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Discover the industry secrets to recording crisp, rich instrument tracks and vocals in any type of recording environment. Join renowned audio engineer Bobby Owsinski as he walks through the process of miking and tracking a complete song by Underground Sun recording artist Iyeoka and A-list session musicians in a top-of-the-line studio—in a way that is applicable to any recording space and musical genre. Learn how to select the correct microphone and polar pattern for each instrument, with hundreds of revealing listening examples for drums, acoustic and electric guitar, piano, keyboards, and more. These professional techniques offer critical insights for those just getting started in the recording process, and a trustworthy reference guide for more seasoned engineers. Bobby also demonstrates how to monitor and sculpt EQ settings, why and when to process your input signal, and how to choose the right outboard gear for the track. This course employs 360-degree, 3D visualizations that provide an unprecedented perspective of the equipment, players, and microphone placements discussed. Plus, with the raw audio files provided, you can critically listen to every recorded example at home with your DAW of choice at full 24-bit resolution.
Many drummers who don't have a lot of studio experience aren't sure of exactly what they should bring to a session and what they should do when they get there, here's a little guidance you can offer them in order to make your job of recording them easier. Change your heads. Nothing will help the sound of your drums like new heads. Get a set of new heads--or at least the top ones--and either change them before you get to the studio, or make sure that you have enough time to do so before recording. Make sure your drums are in tune. Tune your drums as previously described or hire someone that really knows how to do it.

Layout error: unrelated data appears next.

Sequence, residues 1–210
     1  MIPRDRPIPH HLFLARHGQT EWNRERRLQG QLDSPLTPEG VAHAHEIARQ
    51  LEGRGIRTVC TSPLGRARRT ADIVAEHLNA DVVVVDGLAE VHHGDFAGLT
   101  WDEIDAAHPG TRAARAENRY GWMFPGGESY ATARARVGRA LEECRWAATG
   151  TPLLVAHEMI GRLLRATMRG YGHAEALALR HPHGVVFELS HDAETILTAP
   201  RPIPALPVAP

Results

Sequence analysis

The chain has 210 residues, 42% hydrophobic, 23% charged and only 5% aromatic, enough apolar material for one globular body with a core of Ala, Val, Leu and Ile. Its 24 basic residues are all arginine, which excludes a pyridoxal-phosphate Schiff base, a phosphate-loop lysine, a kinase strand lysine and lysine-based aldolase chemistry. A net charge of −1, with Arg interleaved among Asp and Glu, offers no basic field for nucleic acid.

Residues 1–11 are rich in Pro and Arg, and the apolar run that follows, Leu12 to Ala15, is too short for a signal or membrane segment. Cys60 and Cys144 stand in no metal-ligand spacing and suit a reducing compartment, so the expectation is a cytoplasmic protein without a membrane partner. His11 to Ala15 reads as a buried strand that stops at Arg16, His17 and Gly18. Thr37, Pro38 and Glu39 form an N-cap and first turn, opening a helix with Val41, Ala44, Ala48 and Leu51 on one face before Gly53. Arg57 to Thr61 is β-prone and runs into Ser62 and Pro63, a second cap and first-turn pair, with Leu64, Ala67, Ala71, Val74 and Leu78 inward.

Not only will you learn something, but you'll get a much better sounding recording as a result. Bring all your snares to the session. You never know if and when a particular snare is right for the song until you try it. Sometimes you can be surprised about how good or how bad a drum sounds in the context of recording, so to be safe, bring as many snares as you can to the session. Bring extra heads, sticks, beaters, and cymbals. Just like onstage, this is the professional thing to do. You have to have backups in case you break a head or crack a cymbal.
Even if you usually only play with a certain type of stick, bring several kinds, plus mallets and brushes, since that could be the perfect sound for the track you're recording.
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